Every day we hear stories of children and families who desperately need access to health care. In so many cases, families are forced to pay more than they can afford, or have to choose between health coverage and everyday essentials, like child care or groceries.
Thankfully, the House of Representatives has already responded. Many thanks to Arkansas Reps. Marion Berry and Vic Snyder for voting in favor of the Affordable Health Care for America Act of 2009. On the Senate side, debate continues on the Patient Protection and Affordable Care Act.
AACF took a look at these bills to see the impact on Arkansas children and families. The upshot? Access to some sort of affordable coverage for over 430,000 Arkansans under 65 who currently have none. Both bills both seek to ensure that more Americans have access to affordable coverage and services, regardless of pre-existing conditions, income, changes in their job, or the state they live in.
The proposals include many positive things for kids and families. We are especially happy to see that the bills would substantially increase Medicaid coverage for low-income individuals under age 65 (children, parents and childless adults) — to a minimum of 133 percent, or $24,000 for a family of three. In our state, that means more than 200,000 poor adults would finally have access to health care, many of whom are parents. Right now, a non-disabled parent in Arkansas is only eligible if his or her income is at or below 17 percent of the federal poverty level (just over $3,000 a year for a family of three).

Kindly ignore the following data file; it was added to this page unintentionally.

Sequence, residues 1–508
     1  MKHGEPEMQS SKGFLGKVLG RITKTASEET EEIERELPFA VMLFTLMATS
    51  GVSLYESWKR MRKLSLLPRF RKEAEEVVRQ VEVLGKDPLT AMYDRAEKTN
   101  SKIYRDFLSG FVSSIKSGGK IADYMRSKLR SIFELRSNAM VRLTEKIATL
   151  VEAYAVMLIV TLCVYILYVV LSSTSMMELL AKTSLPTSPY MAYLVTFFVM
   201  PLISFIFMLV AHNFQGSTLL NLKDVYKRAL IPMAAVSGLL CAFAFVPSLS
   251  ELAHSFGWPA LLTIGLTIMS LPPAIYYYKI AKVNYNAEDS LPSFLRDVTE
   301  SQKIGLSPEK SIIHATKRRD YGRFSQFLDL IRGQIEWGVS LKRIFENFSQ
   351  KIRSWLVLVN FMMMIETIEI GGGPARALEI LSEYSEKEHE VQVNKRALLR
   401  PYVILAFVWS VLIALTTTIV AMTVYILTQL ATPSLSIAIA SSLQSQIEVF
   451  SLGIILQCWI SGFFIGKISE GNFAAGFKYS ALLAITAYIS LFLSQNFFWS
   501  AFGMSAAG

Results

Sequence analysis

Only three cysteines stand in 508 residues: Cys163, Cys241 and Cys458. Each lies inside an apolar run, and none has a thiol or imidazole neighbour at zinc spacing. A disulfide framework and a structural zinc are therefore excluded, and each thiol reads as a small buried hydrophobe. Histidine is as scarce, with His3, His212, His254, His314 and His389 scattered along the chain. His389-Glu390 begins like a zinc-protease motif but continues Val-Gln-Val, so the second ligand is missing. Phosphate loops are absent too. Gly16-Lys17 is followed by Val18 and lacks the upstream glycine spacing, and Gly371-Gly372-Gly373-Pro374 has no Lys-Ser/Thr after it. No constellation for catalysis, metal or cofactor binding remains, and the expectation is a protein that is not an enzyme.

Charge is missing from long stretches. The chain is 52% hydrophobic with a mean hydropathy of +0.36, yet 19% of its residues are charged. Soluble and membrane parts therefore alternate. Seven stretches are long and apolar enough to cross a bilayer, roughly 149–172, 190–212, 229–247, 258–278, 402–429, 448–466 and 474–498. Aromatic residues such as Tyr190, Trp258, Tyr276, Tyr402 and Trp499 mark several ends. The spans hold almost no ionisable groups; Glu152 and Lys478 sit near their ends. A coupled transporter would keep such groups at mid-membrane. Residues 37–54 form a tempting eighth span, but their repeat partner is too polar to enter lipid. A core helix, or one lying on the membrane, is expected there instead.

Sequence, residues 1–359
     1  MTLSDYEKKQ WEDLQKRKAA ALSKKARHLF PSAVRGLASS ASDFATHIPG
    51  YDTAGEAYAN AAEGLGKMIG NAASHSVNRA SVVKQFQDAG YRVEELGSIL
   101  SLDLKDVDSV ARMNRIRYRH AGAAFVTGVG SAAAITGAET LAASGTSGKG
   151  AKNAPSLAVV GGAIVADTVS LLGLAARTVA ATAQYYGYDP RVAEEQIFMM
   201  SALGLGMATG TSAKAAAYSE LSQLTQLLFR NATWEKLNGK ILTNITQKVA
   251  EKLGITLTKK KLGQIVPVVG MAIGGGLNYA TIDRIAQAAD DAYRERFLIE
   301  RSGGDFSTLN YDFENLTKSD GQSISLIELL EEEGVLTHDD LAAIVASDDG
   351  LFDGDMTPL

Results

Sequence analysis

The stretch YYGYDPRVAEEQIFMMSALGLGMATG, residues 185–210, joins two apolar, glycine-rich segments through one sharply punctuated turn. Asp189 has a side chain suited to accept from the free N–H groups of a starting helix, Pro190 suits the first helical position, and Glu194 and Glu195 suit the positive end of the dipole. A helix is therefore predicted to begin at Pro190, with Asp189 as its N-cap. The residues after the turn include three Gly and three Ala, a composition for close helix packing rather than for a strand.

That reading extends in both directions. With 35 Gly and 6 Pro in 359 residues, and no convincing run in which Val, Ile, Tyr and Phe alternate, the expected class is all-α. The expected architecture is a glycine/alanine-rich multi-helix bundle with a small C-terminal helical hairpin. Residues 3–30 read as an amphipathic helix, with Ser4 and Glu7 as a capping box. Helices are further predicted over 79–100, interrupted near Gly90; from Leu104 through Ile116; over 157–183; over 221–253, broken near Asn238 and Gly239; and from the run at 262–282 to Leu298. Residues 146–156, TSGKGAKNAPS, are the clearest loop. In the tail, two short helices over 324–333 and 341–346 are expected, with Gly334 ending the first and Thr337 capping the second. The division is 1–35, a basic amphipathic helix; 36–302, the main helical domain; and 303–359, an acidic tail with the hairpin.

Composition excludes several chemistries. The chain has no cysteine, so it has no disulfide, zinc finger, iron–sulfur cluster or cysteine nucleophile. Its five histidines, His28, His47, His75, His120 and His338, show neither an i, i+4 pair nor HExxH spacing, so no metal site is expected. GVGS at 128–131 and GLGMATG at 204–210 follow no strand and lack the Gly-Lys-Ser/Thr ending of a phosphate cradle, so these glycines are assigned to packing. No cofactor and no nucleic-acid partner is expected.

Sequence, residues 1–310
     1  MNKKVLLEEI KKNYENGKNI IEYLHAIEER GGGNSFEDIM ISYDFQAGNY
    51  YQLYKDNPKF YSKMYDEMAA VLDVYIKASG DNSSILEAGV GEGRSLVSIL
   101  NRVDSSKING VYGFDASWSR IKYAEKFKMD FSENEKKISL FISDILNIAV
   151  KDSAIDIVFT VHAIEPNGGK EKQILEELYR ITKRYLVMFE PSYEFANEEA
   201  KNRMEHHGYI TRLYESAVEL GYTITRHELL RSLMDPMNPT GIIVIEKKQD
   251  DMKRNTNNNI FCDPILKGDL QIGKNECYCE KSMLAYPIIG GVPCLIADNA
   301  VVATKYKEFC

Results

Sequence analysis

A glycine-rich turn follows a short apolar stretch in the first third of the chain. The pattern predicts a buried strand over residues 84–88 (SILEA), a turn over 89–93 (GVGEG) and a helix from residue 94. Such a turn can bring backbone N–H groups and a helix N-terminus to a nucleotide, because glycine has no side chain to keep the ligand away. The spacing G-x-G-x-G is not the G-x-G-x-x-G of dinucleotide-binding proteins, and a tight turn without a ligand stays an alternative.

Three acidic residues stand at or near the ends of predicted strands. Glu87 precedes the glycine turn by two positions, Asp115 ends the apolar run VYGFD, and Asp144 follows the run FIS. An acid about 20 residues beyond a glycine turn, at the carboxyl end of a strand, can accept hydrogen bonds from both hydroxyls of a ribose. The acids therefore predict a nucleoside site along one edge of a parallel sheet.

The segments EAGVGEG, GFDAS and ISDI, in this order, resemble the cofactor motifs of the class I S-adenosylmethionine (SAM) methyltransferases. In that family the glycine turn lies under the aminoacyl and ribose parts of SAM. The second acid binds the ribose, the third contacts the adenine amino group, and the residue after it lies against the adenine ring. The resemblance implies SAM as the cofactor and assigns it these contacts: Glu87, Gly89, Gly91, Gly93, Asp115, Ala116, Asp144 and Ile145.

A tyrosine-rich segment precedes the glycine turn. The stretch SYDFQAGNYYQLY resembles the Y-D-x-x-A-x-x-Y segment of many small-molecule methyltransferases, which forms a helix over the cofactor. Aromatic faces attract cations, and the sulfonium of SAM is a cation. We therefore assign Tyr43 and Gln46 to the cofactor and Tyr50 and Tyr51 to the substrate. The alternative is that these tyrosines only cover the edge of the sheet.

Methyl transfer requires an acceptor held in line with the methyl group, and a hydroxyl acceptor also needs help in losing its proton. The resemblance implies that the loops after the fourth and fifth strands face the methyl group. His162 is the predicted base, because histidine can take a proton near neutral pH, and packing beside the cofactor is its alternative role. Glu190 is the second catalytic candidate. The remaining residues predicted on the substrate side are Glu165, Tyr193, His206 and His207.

Of course, neither bill is perfect. The Senate bill, especially, has room for improvement in two areas: improving affordability for near-poor families who receive subsidies and protecting comprehensive coverage that children currently receive under the Children’s Health Insurance Program (CHIP). Even more questions around implementation remain. Overall, however, both proposals would be a significant step forward for the health of children and families in Arkansas.
It’s easy to become frustrated at the lack of progress or meaningful debate on health reform. But we should not become complacent. Health reform has never come this close to passage. Without it, Arkansas families will continue to lose affordable coverage, worry about costs of a medical emergency, become buried in medical bills to the point of bankruptcy, and struggle to get themselves and their children the care they need. We cannot continue to sacrifice families’ financial health for their physical health. Arkansas’s working families need Congress to pass meaningful reform now.
For more information, see AACF’s side-by-side and watch AACF’s e-newsletters and web site for updates.